Now that you understand the different notes and their functions, you will have an easy time understanding the different male fragrance “families.” Although there are tons of “families” of fragrances, there are truly 4 main families that speak to how the fragrance smells (let’s call this the “4 families of how”), and 4 main families that speak to how long the scent lasts (let’s call these the “4 families of longevity”). Now that you have read rule #2 you understand why getting to know both types of families is important. 

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The 4 Families of How

i. Fresh: Like the word sounds, think fresh grass, oceanic, citrusy, and fruity notes. You will find these notes in both male and female fragrances. This category is also “fresh” in the sense that the other three families were around before this family, and therefore called the “classic” families, and the fresh family evolved due to fairly recent innovations in perfumery.

ii. Woody: Yes, “woody” obviously includes the woody, sandalwood and cedarwood notes, but it also includes oak and leather notes. This is a clearly masculine note and the safest route to go if you are searching for an obviously male fragrance. (Side Note: it has become commonplace to refer to the Asian “Oud” as its own (highly coveted and very expensive) “family.” But we will include it under the “woody” family since it is really just a very rich woody note.)

iii. Floral: almost all feminine fragrances are floral, and include one or more flower groupings. There happens to be a couple male fragrances that we like that have some floral notes, but for the most part our advice would be to stay away from floral scents. 

iv. Oriental: This is the most gender neutral of all the different families. Oriental includes notes like vanilla bean or frankincense, each one unassociated with a specific gender.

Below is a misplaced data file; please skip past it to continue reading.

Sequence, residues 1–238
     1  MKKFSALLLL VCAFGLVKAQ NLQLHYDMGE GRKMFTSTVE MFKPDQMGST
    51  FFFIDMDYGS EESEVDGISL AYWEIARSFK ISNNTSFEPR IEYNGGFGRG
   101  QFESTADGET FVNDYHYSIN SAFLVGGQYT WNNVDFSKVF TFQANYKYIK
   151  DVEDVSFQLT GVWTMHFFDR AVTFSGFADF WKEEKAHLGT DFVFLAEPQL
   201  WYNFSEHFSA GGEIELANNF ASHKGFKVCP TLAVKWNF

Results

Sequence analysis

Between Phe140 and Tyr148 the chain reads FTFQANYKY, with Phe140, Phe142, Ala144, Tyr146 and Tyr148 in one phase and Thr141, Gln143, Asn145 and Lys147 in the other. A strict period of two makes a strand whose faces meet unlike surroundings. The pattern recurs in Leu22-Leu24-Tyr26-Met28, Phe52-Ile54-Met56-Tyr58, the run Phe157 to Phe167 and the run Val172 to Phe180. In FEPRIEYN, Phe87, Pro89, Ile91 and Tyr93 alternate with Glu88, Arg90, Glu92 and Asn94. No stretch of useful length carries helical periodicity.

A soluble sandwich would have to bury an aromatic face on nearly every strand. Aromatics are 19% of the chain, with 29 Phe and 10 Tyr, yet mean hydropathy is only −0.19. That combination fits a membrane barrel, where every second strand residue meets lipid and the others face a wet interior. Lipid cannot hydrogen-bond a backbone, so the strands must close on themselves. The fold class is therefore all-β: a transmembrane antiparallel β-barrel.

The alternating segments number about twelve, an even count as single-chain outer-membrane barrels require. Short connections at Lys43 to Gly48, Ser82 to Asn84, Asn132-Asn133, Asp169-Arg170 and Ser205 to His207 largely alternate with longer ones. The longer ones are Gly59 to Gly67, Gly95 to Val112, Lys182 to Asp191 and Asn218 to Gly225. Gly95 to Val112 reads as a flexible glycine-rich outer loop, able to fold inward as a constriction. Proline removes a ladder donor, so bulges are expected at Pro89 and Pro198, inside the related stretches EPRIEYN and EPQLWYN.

It is very important to note here that there are truly many, many more families that we can include here, since each one of these families have sub-families, internal gradations and combinations and so on. Many cologne connoisseurs would feel it necessary to spend time talking about the famous “fragrance wheel” created in 1949. But frankly, it’s not important for you to become the world’s connoisseur in fragrances, nor do we think it’s practical or sensible for you to become an absolute expert. Our goal is for you to know enough so that you can make intelligent, well guided choices with your fragrances, and end up with something that you care about and love. Believe us, if you know the contents of this article you will know more about fragrance than 99% of the world’s population.

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The 4 Families of Longevity

i. Eau de Cologne: It is called eau de “Cologne” with an uppercase “C” because the original eau de Cologne was created in Cologne, Germany in 1709 (assist by Wikipedia, of course). In fact, authentic “Cologne” even nowadays must come from Cologne, Germany. (Similar to Bourbon coming from Bourbon, Kentucky, or Champagne from...OK, you get the point.) Like many things, Americans have now democratized the word “cologne” (though typically with a lower case "c") to refer to all-male fragrance. The trouble is that this formulation is the shortest-lasting fragrance and evaporates after just 2 hours since it has less than 5% of essential oils. Look how they’ve treated us male folks! We need to smell great the whole day, not just for a few hours! Our advice: if you care about the way you smell, then don’t buy anything in this family. 2 hours just doesn’t do the job (unless you follow Mr. Ford’s advice and constantly reapply). 

(Side Note: Yes, I’ve called male fragrance “cologne” in the title of, and throughout this article. But that is just what men’s perfume is colloquially called these days, despite the fact that many male fragrances are from one of the non-Cologne families. If you can’t beat ‘em, join ‘em.)

ii. Eau de toilette: Most people mistakenly believe that this name came about as a weird reference to toilet water. In fact, that’s even how old trusty Wikipedia explains it. But this is wrong. The name came about in reference to the 18th century French “toilette” – the elite Frenchmen and Frenchwomen's traditional getup. This fragrance is made with a higher concentration of essential oils and it therefore lasts a couple hours longer than Cologne. It’s still not super long-lasting, but its minimum 3-5 hours of life carries you through at least half the day.